The Sound of a Woman

The Sound of a Woman
Photo by Parvez AzarQaderi / Unsplash
A woman with a voice is by definition a strong woman. But the search to find that voice can be remarkably difficult.
- Melinda Gates

One thing that many trans women find difficult to cope with as part of their transition is their voice.  You can look like a perfect lady, but, if you open your mouth and a deep, masculine voice comes out, it rather destroys the image you're trying to present.

This is one aspect of transition where trans men have it easier; if they're on testosterone, one of the hormone's effects deepens the voice, much as it does in boys at puberty. Unfortunately, female hormones do not have the same effect on voice; this is one argument for allowing young trans girls to go on puberty blockers, to preserve their voice from the effects of puberty. Trans women who transition as adults, though, have to deal with it in a different fashion.

Some women opt for surgery on the vocal cords, to tighten them up and raise the pitch of the voice.  This, of course, carries all the risks, costs, and issues of any major surgery, and should be undertaken with caution.  Others try to train their voices to reach a more feminine pitch; entire businesses have been founded to help in these matters, including my friend Kathe Perez's company Exceptional Voice in Boulder.  (They even offer a phone app that can help with voice training.)

For myself, I've always had a rather flexible voice. When my brothers and I were younger and played with my brother Clay's Star Wars toys, I was always picked to play the Imperials, because I did their voices well, including a decent imitation of Darth Vader, complete with sound effects for his suit's respirator.  I also had a decent enough singing voice to have singing parts in two musicals put on by my high school, Guys and Dolls and The Sound of Music.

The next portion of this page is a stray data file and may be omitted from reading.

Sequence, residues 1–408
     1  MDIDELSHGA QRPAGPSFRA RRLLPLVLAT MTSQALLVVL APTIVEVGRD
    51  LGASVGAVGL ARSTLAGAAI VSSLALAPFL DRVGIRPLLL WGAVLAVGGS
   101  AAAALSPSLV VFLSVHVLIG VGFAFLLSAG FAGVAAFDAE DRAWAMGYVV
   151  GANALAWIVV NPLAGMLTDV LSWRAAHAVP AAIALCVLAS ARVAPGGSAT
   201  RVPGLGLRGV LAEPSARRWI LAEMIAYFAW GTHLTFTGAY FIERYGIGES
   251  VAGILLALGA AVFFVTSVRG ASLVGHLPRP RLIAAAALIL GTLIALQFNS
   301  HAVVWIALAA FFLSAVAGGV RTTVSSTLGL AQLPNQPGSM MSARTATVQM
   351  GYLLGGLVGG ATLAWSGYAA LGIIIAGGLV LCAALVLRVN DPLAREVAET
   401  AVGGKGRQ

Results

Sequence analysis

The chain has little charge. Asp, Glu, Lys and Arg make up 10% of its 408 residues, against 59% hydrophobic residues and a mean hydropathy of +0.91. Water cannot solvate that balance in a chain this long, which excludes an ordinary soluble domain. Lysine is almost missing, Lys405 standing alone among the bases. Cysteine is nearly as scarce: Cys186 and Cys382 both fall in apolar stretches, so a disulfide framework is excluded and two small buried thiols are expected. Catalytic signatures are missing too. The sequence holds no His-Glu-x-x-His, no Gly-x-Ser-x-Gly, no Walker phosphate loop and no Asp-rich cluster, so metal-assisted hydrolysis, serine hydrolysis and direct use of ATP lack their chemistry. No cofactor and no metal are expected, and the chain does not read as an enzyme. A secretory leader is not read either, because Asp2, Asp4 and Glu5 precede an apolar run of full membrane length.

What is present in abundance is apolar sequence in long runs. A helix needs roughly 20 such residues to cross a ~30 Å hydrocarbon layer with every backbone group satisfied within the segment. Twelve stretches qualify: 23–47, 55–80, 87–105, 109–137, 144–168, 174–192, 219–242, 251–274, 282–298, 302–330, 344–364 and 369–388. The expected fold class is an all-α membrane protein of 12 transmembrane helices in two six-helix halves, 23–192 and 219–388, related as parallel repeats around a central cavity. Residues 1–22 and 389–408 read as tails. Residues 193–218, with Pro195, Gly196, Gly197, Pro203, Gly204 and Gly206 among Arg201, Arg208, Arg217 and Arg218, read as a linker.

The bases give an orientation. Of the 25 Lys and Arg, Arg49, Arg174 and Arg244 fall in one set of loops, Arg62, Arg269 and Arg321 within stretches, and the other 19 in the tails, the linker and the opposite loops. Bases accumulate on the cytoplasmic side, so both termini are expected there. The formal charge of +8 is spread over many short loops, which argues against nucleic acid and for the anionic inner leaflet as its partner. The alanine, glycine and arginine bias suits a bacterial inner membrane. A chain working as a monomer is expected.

When I set out to make my voice sound more feminine, I didn't opt for surgery or formal training; I followed some tips I gathered from various sources on the Internet, which I can summarize in a few bullet points:

  • Raise your overall pitch, but not too much.
  • Try to speak more from the front of your mouth, rather than the back.
  • When speaking, use variations in pitch to emphasize individual words and phrases, rather than variations in volume.
  • Be careful with the vocabulary you use in certain situations.  For instance, instead of saying, "I want such-and-such," say "I would like such-and-such" or "I'd like such-and-such." Your vocabulary is just as important as the voice it's delivered in.

As I developed my voice, I noticed certain phrases becoming almost like "stock phrases" in my vocabulary, that I could say almost without thinking of it.  Some of these that I've noticed include "Hello!" (in several different inflections), "Very well, thank you, how are you?" (in response to an inquiry of "How are you"), "Thank you so much!", and "Oh, good heavens!" (what I might say where, as my previous self, I might have used a curse word).

That last point is worth mentioning; I tend not to curse as much as Amy as I did as my prior self. I just don't think it's very "ladylike." Believe it or not, there are people who are trying to get me to curse more. Phyllis, especially, has encouraged me to do so; being a Jersey girl by birth, she's well-acquainted with profanities of various sorts.

Also, what "fell out" from my voice development is my giggle, which people think is rather cute and which just developed naturally.  I was never a real giggler before, but now it comes out without even thinking.

One of the ways I practiced my Amy-voice was by using it to sing along with female vocalists on the radio.  My range wasn't the best, but it was sufficient for a number of songs.  Eventually this led to me learning how to sing Peggy Lee's "Fever" to the accompaniment of my friend Patrice LeBlanc on the piano at the Black Crown Lounge, and it became the precursor to my love for karaoke singing.  With practice, I've been able to extend my upper range to a low contralto, and my repertoire of karaoke songs now numbers into three figures.  (And my karaoke avocation has even added a couple of "stock phrases" to my voice, when asking for refreshment at the bar: "I'd like a Diet Coke, please," and, when asking for a refill, "Would you be so kind as to refresh my Diet Coke?")

Now that I've made the transition and am presenting as Amy full-time, the feminine voice has become second nature to me. The only time when I slip into my "old voice" in public is when I'm doing a "demo" for someone of how much I've changed my voice.  When I do those "demos," something about my old voice just feels...unfamiliar, almost alien.  It makes me wonder if I will one day lose the ability to shift my voice back entirely, the way my goddaughter has.  That would be as big a break with the past as any I've made, and I'm not sure how it would feel to lose that part of myself for good.

Trans women, take heart; the voice issue can be difficult to surmount, but it's not impossible.